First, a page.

Have you ever been arrested?

“Now after John was arrested, Jesus came into Galilee, proclaiming the gospel of God, and saying, ‘The time is fulfilled and the kingdom of God is at hand; repent and believe in the gospel.’”   Mark 1.14-15

I’ve always wanted to.  It can be really dangerous—but what isn’t?  Yes, people have died doing it, but you can almost say that about anything…  Ok, I’m talking about rock climbing.  I’m also talking about sky diving.  And scuba diving the Great Barrier Reef—and don’t forget about climbing Mt. Everest.

Inside we yearn to be free.  To be free from fear, to be free from chaos, and to be free to just do something that makes us feel, well, free!

So why would Jesus get it all mixed up—and take that desire for freedom away?  Doesn’t he want followers?  And doesn’t he want some kind of marketing appeal?  But as we’ll see, Jesus doesn’t do things the way we would expect them to be done—and that’s what makes him, um…Jesus.

Soundbites get people in trouble.  You’re walking by coworkers, and they hear you say, “…yeah, she is great disaster” when you really said “she is a great manager”…  Politicians have to be especially careful—because the media is looking for that golden soundbite that will boost readership and exposure (and the more scandalous the better!).

Jesus provides a soundbite that sums up his entire message—his singular view point—his holistic ministry.  In the Gospel of Mark, it’s the very first thing he says:  “The time is fulfilled, and the kingdom of God is at hand:  repent and believe in the gospel.”

Notice a few things about this poignant message.

In verse 14 John the Baptist had just been arrested.  The Greek word behind the English translation for “arrested” is paradidomi.  It’s a word that means to be taken into custody; perhaps even condemned to die.

It also means ‘to be managed’ or taken care of.  It even refers to fruit being ripe, turning itself over into the farmer’s custody (see Mark 4.29).  But what’s interesting about this word is that it is used throughout the Gospel of Mark, most often referring to the times in which Jesus will be arrested and crucified.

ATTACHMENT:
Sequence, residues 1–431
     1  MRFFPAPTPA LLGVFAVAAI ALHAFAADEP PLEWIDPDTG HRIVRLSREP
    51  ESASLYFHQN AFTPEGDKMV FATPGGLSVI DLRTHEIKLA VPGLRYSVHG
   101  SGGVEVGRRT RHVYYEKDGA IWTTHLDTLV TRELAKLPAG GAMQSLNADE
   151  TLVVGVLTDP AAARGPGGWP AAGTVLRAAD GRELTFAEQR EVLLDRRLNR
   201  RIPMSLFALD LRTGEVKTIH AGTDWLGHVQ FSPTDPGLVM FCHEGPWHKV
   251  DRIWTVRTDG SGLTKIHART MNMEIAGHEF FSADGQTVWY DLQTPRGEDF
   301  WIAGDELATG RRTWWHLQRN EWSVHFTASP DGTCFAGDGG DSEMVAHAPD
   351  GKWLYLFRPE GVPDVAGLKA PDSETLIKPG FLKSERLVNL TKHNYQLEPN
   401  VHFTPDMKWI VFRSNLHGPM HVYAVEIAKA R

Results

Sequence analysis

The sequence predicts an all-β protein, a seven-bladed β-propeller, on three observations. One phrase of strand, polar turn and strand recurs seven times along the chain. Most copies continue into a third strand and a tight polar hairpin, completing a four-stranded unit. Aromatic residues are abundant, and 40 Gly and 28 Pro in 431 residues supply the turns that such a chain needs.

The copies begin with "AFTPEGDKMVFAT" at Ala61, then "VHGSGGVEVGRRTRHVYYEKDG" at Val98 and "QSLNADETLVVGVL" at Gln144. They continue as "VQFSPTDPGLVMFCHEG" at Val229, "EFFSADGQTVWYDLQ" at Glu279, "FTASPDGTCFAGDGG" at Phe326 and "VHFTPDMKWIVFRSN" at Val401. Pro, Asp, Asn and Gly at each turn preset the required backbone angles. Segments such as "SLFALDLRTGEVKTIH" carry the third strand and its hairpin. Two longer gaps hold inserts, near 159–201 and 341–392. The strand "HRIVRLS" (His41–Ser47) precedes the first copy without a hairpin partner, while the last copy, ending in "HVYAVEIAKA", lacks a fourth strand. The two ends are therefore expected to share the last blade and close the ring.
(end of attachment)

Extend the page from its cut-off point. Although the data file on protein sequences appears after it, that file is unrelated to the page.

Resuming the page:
Here is what we cannot miss.  To pair the word paradidomi so closely to Jesus’ soundbite in Mark 1.15 is no coincidence.  The Gospel writer is trying to tell us something…  Let’s try to decode this for us today.

It’s as if we need to realize that on one hand, really following Christ (true repentance and faith) is allowing God to arrest us and to take us into His custody.  This may sound negative, but it’s really bringing us back to where we belong—to what we were made for.  Remember, the problem in the Garden of Eden wasn’t our lack of freedom—but in having too much freedom (sort of—this could be another blog entry in the future).

However, the case could be easily made that in turning to God we actually GAIN freedom.  We are set free from the power of sin and death—and we gain the freedom to be more human than ever—to be free to become our true selves.

But I think Mark wants us to first realize that freedom is never free—and to have this kind of existential freedom requires us to truly belong to God—in His full custody and care.  In keeping with this understanding, Jesus wants us to realize that he must truly be the manager of our lives.  He is to be over every detail—not just our “religious side” but over our emotions, our relationships, our hopes, dreams, and yes, even our fears.

But just as a coin has two sides, there is another side to this soundbite being so close to the word paradidomi.  Remember the agricultural definition?  Mark wants us to realize that when we allow Christ to fully gain control of our lives, real fruit will ripen in us for God’s glory.  Fruit of inner peace and deep trust that ripen in no other way.

We can’t manufacture inner peace.  We can only trust in things, ourselves, and others to a certain point.  But when Christ gains full access, his light shines on us, seeds of faith sprout and bloom, and after a season, fresh fruit is born!

Perhaps this is the key to having genuine repentance and faith in Christ.  We must first allow ourselves to be arrested by Christ.  And unlike Judas who betrayed Jesus, we have the full assurance that Christ will never betray us.  Jesus was betrayed so we would never have to be.

This is how Jesus’ message begins in the Gospel of Mark.  The challenge is simple:  surrender your life to Christ.  It’s a kingdom that is not earned or built by your own power.  Instead, it is one in which you are allowed entry when you humble yourself and say, “Yes Lord, I need you.  Please take complete ownership of my life.”

Will you take this step today and experience the fruit of inner peace and deep trust that is the true freedom you were created for?  What’s holding you back?  If you’re not in God’s custody—then to whom do you belong?

Application Questions:

1.  Do you believe Mark 1.14 is connected to 1.15 as discussed above?  Why or why not?

2.  Is surrendering ownership to Jesus something you do once?  Or is it something that you revisit over and over again as you mature and go through different stages of life?

3.  What’s the hardest part about surrendering your life to Christ?  What’s holding you back?  What would your life look like if you surrendered in every way?

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